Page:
Make an Infrared Webcam

Make an Infrared Webcam

camera.jpgMake an IR camera! Using a webcam, removing the lens and replacing it with material from photo negatives, it should block visible light and only let IR through. I haven’t tried this yet, but I think I will. If I get this working I think I’ll put it on my robot and see what types of things it does. I wonder if IR signals from my TV remote will show up.

0 thoughts on “Make an Infrared Webcam

  1. drool says:

    another way is to cover the lens with the magnetic disk from a 3.5 floppy disc (zip discs work too, but block out more light).

    its effective and you can still use the camera for other purposes when ir isn’t needed.

  2. lelandt says:

    Ooooh… Nice.

    At some point I read about researchers at Carnegie Mellon University’s Robotics Institute who wanted to watch how often drivers were blinking as a measure of their drowsiness. The solution involved using two infrared cameras, each keyed to a different wavelength of infrared light–one color that would be absorbed by the fluid in a human eye and one that would be reflected. By subtracting the two images, you get two dots where the person’s eyes are (or none at all if he or she is blinking).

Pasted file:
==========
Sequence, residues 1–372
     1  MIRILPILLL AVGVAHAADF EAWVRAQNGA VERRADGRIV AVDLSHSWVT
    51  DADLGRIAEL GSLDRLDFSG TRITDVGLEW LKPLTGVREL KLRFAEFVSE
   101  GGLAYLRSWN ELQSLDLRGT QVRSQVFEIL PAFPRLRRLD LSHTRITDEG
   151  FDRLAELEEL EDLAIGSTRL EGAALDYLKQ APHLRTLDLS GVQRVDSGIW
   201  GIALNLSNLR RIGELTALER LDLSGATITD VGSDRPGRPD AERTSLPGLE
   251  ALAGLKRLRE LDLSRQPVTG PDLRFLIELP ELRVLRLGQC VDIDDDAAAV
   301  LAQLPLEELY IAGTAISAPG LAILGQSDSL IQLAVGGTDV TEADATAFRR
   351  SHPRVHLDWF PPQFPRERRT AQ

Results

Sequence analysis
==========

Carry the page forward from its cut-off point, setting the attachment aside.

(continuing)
I’m wondering if you could do something similar–use a regular webcam and your IR-hacked webcam and maybe subtract the images, or XOR them or AND them or something. Can’t think of any applications off the top of my head, but there could be something really neat hiding here. Maybe a nifty heads-up display? Could have some medical applications, if you can overlay IR video with visible spectrum video.

  3. phoglite says:

    Regading the IR visibility from a remote – I noticed on an old Sony 8mm camcorder that the TV remote ir was very visible when filmed. You could even make out a flash pattern for the different commands. “Night vision” mode was not available on this model but I’ve read that it was only a matter of removing the IR filter – providing for both IR and visilble light sensitivity. -phog

  4. wbeaty says:

    A couple of layers of congo blue makes a great IR-pass filter. I use these on my own B&W CCD cameras to make low-cost IR converter scopes.

  5. hoagie572 says:

    You may have noticed that page is now a 404. The new URL for the IR webcam site is

    By the way, magnetic disk does work but isn’t nearly as efficient as film negatives.

  6. HellBlow says:

    You can see a video showing the whole process here:

    (with nice examples of use at the end!)

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